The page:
Analyzing and Visualizing COVID-19 Data using R

Objective: The objective of this project is to leverage R programming skills to analyze and visualize COVID-19 data. By working on this project, you will gain hands-on experience in data analysis, statistical modeling, and data visualization using R. You will also develop a deeper understanding of the COVID-19 pandemic and its impact through the lens of data.

Learning Outcomes:

  1. Proficiency in R programming for data analysis, statistical modeling, and data visualization.
  2. Understanding of data preprocessing techniques, including data cleaning and transformation.
  3. Knowledge of statistical concepts and their application in modeling and analyzing real-world data.
  4. Ability to interpret and communicate the findings from data analysis and visualization.
  5. Familiarity with the COVID-19 pandemic and its data sources.

Steps and Tasks:

  1. Gather COVID-19 Data

    • Access reliable sources of COVID-19 data, such as the COVID-19 Data Repository by the Center for Systems Science and Engineering (CSSE) at Johns Hopkins University.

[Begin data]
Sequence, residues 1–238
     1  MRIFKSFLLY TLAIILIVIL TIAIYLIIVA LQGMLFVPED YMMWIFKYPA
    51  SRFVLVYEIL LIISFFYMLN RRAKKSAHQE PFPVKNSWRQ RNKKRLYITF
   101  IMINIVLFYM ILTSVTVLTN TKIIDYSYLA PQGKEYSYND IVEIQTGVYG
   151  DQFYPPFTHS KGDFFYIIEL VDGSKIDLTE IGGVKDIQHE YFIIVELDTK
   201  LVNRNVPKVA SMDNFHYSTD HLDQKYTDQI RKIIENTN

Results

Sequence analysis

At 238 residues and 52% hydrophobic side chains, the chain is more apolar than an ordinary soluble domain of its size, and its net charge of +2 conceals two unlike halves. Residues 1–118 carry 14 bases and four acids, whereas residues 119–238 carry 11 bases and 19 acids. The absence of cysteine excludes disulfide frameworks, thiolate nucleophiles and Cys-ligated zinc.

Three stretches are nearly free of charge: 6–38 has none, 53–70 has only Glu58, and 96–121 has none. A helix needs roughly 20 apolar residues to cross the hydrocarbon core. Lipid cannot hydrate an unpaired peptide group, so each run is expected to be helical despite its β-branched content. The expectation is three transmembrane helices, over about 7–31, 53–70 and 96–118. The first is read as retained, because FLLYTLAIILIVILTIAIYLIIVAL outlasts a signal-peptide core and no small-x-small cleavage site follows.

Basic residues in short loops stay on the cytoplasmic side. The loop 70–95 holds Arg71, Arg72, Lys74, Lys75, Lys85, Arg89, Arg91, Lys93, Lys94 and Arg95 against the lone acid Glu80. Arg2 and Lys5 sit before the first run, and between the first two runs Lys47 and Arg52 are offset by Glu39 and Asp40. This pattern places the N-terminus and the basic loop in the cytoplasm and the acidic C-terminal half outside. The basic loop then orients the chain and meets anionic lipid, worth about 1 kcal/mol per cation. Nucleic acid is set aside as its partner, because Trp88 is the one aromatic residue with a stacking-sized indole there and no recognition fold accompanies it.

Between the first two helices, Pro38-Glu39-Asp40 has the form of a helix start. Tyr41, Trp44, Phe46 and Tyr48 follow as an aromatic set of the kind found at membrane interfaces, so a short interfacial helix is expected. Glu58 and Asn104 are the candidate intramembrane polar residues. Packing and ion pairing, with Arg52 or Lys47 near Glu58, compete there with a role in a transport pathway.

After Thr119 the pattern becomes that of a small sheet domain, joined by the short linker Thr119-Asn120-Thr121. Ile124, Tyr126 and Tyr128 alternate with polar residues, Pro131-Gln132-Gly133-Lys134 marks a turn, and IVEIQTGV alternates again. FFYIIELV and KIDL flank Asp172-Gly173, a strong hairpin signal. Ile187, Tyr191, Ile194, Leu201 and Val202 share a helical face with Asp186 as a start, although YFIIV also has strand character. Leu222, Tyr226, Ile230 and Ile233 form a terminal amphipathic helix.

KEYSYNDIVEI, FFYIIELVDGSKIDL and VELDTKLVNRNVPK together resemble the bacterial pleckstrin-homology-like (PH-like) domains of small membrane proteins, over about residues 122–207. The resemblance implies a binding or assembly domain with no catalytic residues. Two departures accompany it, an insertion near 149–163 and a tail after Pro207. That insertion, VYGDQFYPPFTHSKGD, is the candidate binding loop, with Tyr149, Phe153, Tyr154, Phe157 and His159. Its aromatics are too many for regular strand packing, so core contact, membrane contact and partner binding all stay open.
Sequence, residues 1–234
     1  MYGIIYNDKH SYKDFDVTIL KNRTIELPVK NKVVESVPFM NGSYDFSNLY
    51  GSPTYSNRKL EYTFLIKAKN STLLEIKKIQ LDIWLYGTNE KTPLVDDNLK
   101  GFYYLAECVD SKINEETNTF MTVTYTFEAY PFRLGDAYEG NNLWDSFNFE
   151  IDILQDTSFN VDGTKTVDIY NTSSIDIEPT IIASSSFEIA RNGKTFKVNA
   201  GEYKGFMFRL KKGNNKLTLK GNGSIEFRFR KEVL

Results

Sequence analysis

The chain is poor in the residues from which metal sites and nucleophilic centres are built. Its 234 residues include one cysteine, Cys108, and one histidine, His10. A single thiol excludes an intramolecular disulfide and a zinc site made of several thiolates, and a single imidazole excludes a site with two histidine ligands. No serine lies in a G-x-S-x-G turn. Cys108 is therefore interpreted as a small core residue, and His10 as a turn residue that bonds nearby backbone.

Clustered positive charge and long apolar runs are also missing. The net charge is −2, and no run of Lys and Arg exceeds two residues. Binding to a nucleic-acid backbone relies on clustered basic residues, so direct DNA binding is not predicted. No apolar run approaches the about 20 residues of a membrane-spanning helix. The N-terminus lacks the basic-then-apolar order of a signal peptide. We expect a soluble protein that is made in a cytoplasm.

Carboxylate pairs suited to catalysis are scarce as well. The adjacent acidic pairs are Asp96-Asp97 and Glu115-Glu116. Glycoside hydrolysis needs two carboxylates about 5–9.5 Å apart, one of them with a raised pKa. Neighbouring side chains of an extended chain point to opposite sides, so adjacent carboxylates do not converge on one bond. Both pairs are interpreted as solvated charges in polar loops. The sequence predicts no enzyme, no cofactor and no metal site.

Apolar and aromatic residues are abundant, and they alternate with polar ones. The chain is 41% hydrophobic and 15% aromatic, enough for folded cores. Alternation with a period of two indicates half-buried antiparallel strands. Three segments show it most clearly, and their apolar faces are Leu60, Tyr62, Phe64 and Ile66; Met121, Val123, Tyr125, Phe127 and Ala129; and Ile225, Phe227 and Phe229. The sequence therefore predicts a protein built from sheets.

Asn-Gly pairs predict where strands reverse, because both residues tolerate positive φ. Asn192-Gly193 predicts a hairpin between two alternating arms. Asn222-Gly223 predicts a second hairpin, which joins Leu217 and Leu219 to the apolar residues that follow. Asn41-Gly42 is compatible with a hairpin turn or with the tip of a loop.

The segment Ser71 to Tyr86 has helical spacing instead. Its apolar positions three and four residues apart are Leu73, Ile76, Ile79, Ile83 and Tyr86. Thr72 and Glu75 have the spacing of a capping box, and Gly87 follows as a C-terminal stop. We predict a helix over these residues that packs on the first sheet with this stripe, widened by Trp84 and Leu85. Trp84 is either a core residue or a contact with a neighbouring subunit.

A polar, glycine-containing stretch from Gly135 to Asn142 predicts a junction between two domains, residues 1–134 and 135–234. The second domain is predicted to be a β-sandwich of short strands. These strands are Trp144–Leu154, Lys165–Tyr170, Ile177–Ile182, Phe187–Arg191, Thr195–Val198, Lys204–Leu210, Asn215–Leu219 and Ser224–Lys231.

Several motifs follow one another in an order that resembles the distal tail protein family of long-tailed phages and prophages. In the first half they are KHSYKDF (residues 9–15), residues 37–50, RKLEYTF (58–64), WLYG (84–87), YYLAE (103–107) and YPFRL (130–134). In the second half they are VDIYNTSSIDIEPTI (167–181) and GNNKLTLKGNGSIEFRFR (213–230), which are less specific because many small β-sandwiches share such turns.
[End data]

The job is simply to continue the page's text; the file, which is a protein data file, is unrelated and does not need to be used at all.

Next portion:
• Download the dataset in CSV format and save it to your local machine.
  2. Load Required Libraries

    • Install and load the necessary R libraries for this project, including tidyverse, ggplot2, dplyr, lubridate, and forecast.

    Code Snippet:

    # Install required libraries
    install.packages(c("tidyverse", "ggplot2", "dplyr", "lubridate", "forecast"))
    # Load libraries
  3. Import and Preprocess the Data

    • Use the read_csv() function from the tidyverse package to import the COVID-19 data into R.
    • Perform data preprocessing tasks, such as removing unnecessary columns, renaming columns, and converting data types.
    • Handle missing values and outliers appropriately.

    Code Snippet:

    # Import the COVID-19 data
    covid_data <- read_csv("path/to/covid_data.csv")
    # Data preprocessing
    covid_data <- covid_data %>%
      select(-c("Province/State", "Lat", "Long")) %>%
      rename(Date = "ObservationDate", Country = "Country/Region", Confirmed = "Confirmed") %>%
      mutate(Date = as.Date(Date, format = "%Y-%m-%d"), Confirmed = as.numeric(Confirmed)) %>%
    # View the preprocessed data
  4. Perform Exploratory Data Analysis (EDA)

    • Conduct EDA to gain insights into the COVID-19 data.
    • Summarize the data using descriptive statistics.
    • Visualize the data using plots and graphs.

    Code Snippet:

    # Summary statistics
    # Visualizations